Lennart Regebro wrote:
On 10/9/06, Dieter Maurer <[EMAIL PROTECTED]> wrote:
Philipp von Weitershausen wrote at 2006-10-7 23:51 +0200:
> ...
>> I find that the introduction of classes with (multiple) inheritance
>> has been very economic. It was another concept but a highly fruitful
>> one, despite the fact that they are not so liked in Zope3 land.
>
>I think "fat" objects from mixing many different concerns into a single
>implementation are a failed approach.
>
>Seeing how flexible you can be wit
>
>   a) separating concerns (functionality, responsibilities) into
>separate objects called components and
>
>   b) making the lookup of these components pluggable (using registries
>a.k.a. the Component Architecture),

I am almost convinced that in some years these registries
will share the fate of acquisition: they will be seens as too much
magic.

I expect this to happen as soon as Zope3 is becoming main stream
and not only used by the fittest people.

>I would not recommend anyone to over-use multiple inheritance as it's
>been done in Zope 2.

I am a strong favorite of (multiple) inheritance and use it excessively.
I have the feeling that it makes me very productive.

There is of course no conflict between the two attitudes. It may
*look* like there is, though. ;)

In one case, you make loads of small objects with separate concerns,
and merge them into one object by multiple-inheritance. In the other
case you make loads of small objects with separate concerns and merge
them via adapters. The first version is less flexible, as changing the
behaviour of the resulting "fat" objects requires subclassing, while
the other attitude can be hard to overview and grasp (and hence, I'll
call it "greasy". Haha.)

I think one generally should, in Zope3/Five, use objects as if they
always need to be adapted. That is, you get the context, and you adapt
it to whatever interface you need, with IMyinterface(context). Then,
of course, you may very well make your object a fat object that
implement all the bloody interfaces you need, instead of having
multiple sets of objects and adapters, which in most cases just make
things complicated.

But with this attitde, that is make fat objects, but never assume they
are fat when you use them, you can with little effort make something
flexible.


For example: The CalZope calendar attaches all views directly to the
ICalendar interface. Only ICalendar objects can have these views. A
calendar object in CPS is therefore a calendar that directly
implements ICalendar, and some other extended interfaces with CPS
support and stuff. This seems perfectly reaonable, but it turns out
Plone people don't want that. They want ordinary folder to have these
views. The solution to that is to attach all the views to
"ICalendarViewable" and in all views make self.context =
ICalendar(context), and this way adapt the context.

By making my fat calendar objects IcalendarViewable, I need not to
change any other code in CPSSharedCalendar or CalZope. I still have
the same monolithic objects, that are easy to understand and debug.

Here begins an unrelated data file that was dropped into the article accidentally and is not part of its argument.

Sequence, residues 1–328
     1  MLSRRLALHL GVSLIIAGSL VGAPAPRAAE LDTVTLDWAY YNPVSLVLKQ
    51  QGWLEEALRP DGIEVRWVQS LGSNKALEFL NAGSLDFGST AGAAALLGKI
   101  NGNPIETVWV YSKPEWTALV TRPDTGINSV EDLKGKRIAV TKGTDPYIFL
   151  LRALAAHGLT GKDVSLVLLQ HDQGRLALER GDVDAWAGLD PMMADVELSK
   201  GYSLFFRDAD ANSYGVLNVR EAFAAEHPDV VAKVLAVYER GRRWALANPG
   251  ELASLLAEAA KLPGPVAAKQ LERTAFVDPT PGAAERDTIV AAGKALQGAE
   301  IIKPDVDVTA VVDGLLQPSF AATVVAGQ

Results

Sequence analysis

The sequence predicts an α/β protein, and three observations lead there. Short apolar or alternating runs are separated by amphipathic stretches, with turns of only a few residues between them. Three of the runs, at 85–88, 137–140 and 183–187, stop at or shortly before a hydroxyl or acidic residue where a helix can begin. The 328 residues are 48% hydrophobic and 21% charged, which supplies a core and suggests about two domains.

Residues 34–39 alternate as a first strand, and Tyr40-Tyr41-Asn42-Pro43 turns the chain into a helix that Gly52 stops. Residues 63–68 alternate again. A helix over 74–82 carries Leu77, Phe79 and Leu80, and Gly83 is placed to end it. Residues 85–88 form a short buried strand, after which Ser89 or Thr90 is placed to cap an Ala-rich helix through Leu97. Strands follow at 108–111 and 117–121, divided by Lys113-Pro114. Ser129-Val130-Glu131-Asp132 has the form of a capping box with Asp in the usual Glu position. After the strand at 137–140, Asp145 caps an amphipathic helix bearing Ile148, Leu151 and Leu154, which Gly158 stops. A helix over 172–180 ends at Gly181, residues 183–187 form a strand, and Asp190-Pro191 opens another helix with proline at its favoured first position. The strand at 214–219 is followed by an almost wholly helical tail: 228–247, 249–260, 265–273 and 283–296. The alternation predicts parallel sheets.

But for Plone, it would with these changes be perfectly possible to
make adapters from Plone folders to ICalendar, and therefore use
CalZope views for folders full of plone events.

So, as long as you *use* the objects as if they always need to be
adapted, you can very well write the objects monolithically if that
suits you.  So, heres a new tagline:

"Use your objects as if they were greasy, and it isn't a problem if
they are fat."

;-)



That's basically what I wrote the other day (The Times... ) : as an application designer you want a *plugin architecture* with greasy fat components, not an architecture with hundreds of micro-components wired together like this: http://jacobswellchurch.org/tim/archives/wires-bottom.jpg that require that learn the internals.

Also, "plugin logic" is not the same as "micro-component logic":

- plugins are single units that only need a runtime platform to get working, while micro-components need to get assembled before they can be used, the border between the platform and the platform's components is very blurry.

- plugins have a public API that preserves backward compatibility, and hence preserves user's investments, while micro-components neither have a public or private API, they implement interfaces (interface != API)

- plugins can get loaded and unloaded at runtime, or updated, while micro-components are basically added once at server startup time and they never get changed at run-time.

- a plugin architecture can manage dependencies between plugins.

- plugins are useful to market an architecture, (cf. Photoshop gimp, Gimp plugins, VDR plugins (http://www.cadsoft.de/vdr/plugins.htm), Firefox plugins, skins, Azureus plugins, Eclipse plugins ...). It is easy to explain what a plugin does in terms of functionality, while it is difficult to explain what a micro-component does.

//- plugins encourage participation!!! (that's one of the reason of the success of Plone IMO: every one feel that they can create their own product, by looking at other existing products), while micro-components are difficult to grasp.

- plugins can be used by end-users, while micro-components are designed by developers for developers.

- ...

/JM



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